by Peter Feher
Many conductors are happy to travel from orchestra to orchestra with the same set of pieces. Not Michael Tilson Thomas, who brought a unique but instantly recognizable program to Severance Music Center over the weekend.
A visit from the San Francisco Symphony’s music director laureate usually means interesting repertoire, stylish interpretations, and the prospect that he’ll return next season.
If that workload and those artistic commitments would be exceptional from anyone else on the podium, this year they have to count as remarkable for Tilson Thomas, too. The conductor announced his semi-retirement two months ago, going public with the details of a brain-cancer diagnosis but promising to keep making music all the same.
Understandably, he cut a subdued figure leading The Cleveland Orchestra on Thursday, April 28. He conserved his energy and favored minimal gestures, most often a single hand raised to quiet the musicians. Still, his influence on the ensemble’s playing was profound, beginning with the choice of repertoire.
Benjamin Britten’s ballet The Prince of the Pagodas is a work in need of a champion. The extracted suite, which the Orchestra played brilliantly and for the first time on Thursday, was only compiled by scholars after Britten’s death in 1976. MTT mapped the performance with familiar drama and flair, the kind that comes automatically for the more famous ballets of the 20th century.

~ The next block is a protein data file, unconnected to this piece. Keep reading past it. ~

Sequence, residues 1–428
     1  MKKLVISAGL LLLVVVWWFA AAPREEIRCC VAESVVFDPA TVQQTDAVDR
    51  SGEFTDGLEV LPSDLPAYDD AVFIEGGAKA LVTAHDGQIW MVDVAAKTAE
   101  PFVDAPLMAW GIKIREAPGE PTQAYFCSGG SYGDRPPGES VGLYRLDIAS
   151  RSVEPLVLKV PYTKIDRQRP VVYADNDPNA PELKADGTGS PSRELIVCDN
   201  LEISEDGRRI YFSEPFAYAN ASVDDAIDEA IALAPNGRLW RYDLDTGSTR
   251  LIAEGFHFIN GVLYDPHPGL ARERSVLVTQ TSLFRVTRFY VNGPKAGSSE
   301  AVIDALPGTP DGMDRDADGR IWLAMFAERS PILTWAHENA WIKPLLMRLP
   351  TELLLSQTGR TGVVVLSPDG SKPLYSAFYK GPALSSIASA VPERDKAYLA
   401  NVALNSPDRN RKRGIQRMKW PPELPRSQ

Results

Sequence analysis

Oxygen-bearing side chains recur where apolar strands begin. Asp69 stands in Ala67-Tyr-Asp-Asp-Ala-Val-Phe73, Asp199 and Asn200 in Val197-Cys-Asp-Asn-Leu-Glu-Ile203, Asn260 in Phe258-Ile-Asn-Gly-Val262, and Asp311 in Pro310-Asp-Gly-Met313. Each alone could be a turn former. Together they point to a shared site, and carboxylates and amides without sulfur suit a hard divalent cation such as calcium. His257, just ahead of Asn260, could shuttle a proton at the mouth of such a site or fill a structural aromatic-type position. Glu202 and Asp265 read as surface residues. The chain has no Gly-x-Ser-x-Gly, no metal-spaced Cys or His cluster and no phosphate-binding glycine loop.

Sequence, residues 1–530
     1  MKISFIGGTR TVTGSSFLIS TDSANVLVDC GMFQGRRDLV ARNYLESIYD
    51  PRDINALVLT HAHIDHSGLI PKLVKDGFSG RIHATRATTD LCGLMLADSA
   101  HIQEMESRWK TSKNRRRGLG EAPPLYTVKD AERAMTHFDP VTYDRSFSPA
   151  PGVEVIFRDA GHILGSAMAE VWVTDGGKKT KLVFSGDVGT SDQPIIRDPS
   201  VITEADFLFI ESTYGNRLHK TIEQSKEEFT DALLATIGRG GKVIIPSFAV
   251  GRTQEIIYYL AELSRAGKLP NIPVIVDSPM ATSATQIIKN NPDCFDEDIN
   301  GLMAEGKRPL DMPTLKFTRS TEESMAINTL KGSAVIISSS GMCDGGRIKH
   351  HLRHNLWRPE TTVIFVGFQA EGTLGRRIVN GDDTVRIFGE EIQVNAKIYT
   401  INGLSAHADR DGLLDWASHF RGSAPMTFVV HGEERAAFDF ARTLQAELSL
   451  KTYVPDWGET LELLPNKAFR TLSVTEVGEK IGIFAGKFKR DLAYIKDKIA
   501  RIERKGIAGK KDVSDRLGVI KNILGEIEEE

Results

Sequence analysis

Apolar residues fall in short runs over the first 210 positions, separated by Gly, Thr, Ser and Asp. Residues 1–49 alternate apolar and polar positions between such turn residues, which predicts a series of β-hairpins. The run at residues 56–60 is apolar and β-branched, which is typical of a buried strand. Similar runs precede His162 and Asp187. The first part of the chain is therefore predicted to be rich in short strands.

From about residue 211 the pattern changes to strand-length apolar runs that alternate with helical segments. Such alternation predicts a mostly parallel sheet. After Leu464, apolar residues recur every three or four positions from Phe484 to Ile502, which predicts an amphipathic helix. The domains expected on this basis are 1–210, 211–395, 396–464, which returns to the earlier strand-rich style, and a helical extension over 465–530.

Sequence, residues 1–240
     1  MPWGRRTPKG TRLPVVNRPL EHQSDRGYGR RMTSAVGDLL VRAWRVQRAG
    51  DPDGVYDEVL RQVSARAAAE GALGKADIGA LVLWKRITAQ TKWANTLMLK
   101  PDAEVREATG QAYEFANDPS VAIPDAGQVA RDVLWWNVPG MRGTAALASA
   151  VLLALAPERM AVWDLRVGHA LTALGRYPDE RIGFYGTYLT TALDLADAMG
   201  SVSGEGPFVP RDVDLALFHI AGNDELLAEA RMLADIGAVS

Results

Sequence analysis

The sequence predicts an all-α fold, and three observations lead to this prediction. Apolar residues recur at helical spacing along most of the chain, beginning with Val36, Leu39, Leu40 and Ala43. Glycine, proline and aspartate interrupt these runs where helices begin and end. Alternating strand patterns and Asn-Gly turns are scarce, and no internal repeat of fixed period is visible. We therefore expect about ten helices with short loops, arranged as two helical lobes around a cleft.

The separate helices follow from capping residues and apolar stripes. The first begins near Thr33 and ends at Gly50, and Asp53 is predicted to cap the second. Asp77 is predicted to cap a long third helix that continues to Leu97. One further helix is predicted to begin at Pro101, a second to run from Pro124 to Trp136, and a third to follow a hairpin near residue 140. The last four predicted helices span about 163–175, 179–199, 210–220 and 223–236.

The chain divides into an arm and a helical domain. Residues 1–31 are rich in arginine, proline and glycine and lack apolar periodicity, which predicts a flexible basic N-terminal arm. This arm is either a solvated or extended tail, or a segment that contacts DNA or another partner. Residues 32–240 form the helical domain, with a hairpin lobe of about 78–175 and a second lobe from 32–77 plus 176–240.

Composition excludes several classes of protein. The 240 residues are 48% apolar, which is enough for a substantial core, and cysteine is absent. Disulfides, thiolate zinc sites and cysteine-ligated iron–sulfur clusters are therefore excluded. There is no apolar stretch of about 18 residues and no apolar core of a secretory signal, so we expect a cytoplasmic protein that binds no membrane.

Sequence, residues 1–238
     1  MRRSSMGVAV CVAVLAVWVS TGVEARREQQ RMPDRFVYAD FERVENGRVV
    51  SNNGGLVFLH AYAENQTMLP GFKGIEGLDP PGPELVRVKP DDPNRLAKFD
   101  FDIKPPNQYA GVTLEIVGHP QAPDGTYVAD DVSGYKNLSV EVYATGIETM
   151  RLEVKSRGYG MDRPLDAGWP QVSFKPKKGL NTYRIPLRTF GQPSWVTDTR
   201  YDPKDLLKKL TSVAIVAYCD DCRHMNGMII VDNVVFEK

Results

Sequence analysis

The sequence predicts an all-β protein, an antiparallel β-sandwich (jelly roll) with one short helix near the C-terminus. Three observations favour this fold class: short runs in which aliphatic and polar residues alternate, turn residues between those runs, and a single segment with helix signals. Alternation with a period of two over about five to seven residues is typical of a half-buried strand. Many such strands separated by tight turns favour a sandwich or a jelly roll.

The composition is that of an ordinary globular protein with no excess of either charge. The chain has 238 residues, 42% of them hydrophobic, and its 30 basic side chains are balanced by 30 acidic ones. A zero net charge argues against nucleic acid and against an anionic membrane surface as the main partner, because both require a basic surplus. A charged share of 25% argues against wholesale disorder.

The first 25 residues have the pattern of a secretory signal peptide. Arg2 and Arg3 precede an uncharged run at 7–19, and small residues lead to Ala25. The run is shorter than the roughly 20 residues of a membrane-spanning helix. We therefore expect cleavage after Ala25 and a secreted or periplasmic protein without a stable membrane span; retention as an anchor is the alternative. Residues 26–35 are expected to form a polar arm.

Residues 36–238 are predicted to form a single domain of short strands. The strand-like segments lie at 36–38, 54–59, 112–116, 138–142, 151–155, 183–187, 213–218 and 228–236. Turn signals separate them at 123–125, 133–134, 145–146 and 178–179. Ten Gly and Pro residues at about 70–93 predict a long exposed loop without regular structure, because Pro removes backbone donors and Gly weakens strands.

In fact, listeners might recognize elements of those better-known works in Britten’s score, from sparkly orchestrations that resemble Ravel to a solo violin part that stands in for the princess of the story like Scheherazade. Another pervasive influence in modernist music, the Balinese gamelan, makes its way into the piece, with the piano, celesta, and plenty of mallet percussion recreating the spectacle and sound of that Indonesian instrument.
Delivered with panache, Britten’s ballet was the perfect end to an evening underpinned by a certain signature sensibility — the fashionably unfashionable. No one does this type of music better than MTT, who released Masterpieces in Miniature, an entire CD of compositions along these lines with the SF Symphony in 2014. His Cleveland concerts opened with a work that could have come straight from that album, the Polonaise from Tchaikovsky’s Eugene Onegin, music that everyone knows but rarely gets the serious treatment the conductor and orchestra gave it.
Cellist Gautier Capuçon kept the program in that spirit with two solo works that had all the demands of a major concerto but none of the earnestness. He came on strong at the start of Gabriel Fauré’s Elegy, but pulled back to a magical soft sound that still managed to project over the orchestra. He’d get even softer for his unaccompanied encore, Pablo Casals’ arrangement of “The Song of the Birds.”
Capuçon handled the solo part of Tchaikovsky’s Variations on a Rococo Theme with such polish that, except for the out-and-out virtuosity of the finale, you wouldn’t have suspected this was a tricky piece. He had an ideal match in assistant principal flute Jessica Sindell, whose playing was as extroverted as the cellist’s where needed, and in MTT himself, who stayed in the background but still had everything to do with delivering the pleasure of the piece.
Published on ClevelandClassical.com May 5, 2022.
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